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I have a lot (>10k ... this can't be done manually) of rtf and rtfd files that I would like to turn into txt files. Unfortunately they contain pictures and hyperlinks that I don't want to lose. Ideally, I'd like to:

  1. have hyperlinks from the rtf/rtfd stored as plain text (something like [[description]link])

  2. have all pictures "separated" from the rtfd file

  3. have the new txt with URLs as well as the pictures from the rtf/rtfd file saved together in a folder named after the old rtf/rtfd file.

How can this be done?

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1 Answer 1

.rtfd are just bundles of a TXT.rtf file with non-standard formatting instructions, and the images. So you already have these and the RTF file separate.

RTF files are just the text with some formatting instructions, similar to HTML. So you can use simple text based string replacements.

An embedded image looks like this in my sample document:

{{\NeXTGraphic Screen Shot 2012-02-01 at 19.47.21.png \width13940 \height11020
}¬}

In the RTF file, change all occurrences of \NeXTGraphic to something like "Image:"; the other formatting will simply be ignored when you open it the next time (at least in my limited testing).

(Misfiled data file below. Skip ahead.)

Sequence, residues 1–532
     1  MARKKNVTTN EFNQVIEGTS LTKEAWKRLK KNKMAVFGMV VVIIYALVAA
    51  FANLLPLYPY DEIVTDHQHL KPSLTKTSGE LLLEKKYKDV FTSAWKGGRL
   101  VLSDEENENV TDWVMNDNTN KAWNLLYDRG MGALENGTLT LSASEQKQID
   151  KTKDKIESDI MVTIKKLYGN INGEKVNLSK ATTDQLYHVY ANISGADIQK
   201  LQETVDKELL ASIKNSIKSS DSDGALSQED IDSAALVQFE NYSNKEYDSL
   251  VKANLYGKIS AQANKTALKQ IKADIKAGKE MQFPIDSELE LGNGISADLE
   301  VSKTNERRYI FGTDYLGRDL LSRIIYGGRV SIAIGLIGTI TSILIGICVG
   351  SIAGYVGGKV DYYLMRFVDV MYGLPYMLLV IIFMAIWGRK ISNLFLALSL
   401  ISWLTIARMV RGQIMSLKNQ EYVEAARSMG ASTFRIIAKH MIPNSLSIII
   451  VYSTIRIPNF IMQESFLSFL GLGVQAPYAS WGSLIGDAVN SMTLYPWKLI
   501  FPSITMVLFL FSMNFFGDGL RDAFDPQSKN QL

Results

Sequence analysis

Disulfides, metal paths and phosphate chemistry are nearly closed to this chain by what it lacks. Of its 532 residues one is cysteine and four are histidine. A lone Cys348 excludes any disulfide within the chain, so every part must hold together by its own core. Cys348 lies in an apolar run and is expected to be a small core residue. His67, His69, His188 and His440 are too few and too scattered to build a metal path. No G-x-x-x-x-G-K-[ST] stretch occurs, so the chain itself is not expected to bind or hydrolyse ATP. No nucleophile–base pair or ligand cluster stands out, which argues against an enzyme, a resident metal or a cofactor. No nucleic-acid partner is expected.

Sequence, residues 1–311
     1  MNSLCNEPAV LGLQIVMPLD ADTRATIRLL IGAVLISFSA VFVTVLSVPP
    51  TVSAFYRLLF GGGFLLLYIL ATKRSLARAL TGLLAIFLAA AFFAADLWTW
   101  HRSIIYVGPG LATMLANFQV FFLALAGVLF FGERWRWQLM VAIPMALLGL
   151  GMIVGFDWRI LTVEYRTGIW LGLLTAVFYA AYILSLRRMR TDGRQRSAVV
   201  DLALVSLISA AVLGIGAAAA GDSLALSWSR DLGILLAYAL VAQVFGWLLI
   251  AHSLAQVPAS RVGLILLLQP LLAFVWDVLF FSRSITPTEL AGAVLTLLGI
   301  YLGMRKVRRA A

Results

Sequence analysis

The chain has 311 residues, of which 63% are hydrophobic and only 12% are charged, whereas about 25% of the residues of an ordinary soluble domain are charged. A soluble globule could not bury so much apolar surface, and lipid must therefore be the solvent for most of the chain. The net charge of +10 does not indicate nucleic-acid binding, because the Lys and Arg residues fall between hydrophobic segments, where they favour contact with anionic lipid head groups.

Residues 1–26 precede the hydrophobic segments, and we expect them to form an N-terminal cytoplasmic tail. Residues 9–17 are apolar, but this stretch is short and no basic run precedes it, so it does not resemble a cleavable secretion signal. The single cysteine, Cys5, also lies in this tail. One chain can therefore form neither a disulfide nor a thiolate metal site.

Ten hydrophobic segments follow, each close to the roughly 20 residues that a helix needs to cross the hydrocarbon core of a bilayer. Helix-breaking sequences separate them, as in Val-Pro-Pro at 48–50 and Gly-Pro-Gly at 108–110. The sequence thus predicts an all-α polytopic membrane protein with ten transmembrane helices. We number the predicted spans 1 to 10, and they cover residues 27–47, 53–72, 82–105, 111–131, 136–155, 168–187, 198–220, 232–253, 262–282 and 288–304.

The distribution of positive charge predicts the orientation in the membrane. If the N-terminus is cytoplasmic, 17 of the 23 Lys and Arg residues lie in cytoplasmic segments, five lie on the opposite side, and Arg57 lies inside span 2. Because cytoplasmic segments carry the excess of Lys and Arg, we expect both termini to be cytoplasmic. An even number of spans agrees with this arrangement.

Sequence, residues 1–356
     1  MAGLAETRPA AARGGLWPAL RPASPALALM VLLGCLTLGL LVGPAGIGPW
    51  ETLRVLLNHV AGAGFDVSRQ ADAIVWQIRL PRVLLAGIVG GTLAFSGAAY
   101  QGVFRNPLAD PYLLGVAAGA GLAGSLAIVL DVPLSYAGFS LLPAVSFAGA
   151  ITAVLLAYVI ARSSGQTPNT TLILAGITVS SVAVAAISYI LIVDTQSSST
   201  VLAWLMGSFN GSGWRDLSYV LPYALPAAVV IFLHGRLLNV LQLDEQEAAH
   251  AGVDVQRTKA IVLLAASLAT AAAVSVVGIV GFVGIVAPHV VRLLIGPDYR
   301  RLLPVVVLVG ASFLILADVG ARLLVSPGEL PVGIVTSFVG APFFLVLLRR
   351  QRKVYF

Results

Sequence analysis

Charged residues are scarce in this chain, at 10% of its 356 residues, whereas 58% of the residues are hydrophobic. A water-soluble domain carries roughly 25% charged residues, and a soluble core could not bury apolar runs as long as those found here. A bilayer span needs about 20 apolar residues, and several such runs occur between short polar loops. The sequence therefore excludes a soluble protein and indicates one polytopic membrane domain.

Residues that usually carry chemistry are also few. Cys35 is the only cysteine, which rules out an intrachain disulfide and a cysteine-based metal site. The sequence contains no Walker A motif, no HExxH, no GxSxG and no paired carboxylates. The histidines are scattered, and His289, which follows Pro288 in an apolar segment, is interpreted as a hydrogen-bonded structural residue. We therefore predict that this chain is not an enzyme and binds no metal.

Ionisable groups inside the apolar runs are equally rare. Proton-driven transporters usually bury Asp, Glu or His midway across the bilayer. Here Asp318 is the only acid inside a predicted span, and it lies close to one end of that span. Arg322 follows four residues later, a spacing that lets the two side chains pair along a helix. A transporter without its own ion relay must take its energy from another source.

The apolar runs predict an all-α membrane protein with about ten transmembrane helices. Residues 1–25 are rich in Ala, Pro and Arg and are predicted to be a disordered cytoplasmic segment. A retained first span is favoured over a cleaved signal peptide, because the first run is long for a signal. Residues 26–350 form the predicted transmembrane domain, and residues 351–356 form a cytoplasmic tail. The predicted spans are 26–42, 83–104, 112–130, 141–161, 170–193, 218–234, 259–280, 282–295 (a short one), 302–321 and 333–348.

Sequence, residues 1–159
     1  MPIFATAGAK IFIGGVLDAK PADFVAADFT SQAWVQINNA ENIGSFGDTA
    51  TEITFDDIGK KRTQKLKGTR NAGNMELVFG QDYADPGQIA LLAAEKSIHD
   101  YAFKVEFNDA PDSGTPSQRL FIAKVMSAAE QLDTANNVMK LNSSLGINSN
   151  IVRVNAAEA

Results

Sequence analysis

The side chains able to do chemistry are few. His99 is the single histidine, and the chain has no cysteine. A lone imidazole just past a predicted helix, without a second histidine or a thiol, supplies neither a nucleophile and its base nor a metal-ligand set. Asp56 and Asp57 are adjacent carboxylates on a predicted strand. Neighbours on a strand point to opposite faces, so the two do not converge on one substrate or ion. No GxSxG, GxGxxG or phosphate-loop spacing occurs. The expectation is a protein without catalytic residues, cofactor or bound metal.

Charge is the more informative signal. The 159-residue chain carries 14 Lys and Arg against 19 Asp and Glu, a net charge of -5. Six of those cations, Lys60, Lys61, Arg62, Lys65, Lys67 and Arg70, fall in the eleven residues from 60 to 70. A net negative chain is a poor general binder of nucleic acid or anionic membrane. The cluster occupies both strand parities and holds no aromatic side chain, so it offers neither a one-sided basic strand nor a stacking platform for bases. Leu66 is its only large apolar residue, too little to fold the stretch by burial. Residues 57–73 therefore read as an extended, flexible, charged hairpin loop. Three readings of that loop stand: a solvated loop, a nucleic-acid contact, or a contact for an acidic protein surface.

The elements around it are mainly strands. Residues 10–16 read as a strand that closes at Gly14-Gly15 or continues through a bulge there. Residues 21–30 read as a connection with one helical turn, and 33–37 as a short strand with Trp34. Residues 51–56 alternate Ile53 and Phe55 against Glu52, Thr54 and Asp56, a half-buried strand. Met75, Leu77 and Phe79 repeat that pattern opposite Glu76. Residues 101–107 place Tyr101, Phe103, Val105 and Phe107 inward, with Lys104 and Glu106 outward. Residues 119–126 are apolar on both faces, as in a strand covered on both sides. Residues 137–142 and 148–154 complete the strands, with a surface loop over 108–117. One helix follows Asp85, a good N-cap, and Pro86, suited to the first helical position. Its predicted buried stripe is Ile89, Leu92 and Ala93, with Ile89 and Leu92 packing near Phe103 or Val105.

An embedded hyperlink looks like this:

{\field{\*\fldinst{HYPERLINK "http://superuser.com/questions/384862/osx-converting-rtfd-files-to-txt-without-deleting-hyperlinks-and-pictures"}}{\fldrslt applescript - OSX: Converting rtfd files to txt, without deleting hyperlinks and pictures - Super User}}\
\
}

Again, rather simple text replacement which you can do in most editors of your choice, or e.g. using sed on the command line. fldinst is the underlying hyperlink URL, fldrslt is the label.


Once you have replaced all images and hyperlinks by plain-text compatible alternatives, you can simply run textutil -convert txt Document.rtfd/TXT.rtf to convert the RTF file to plain text.

If you hadn't done the replacements of the embedded imaged and hyperlinks beforehand, these would have been lost.


Of course, textutil can convert to HTML and image files without losing information. If you're more comfortable scripting the replacements of HTML tags, you can do this first.

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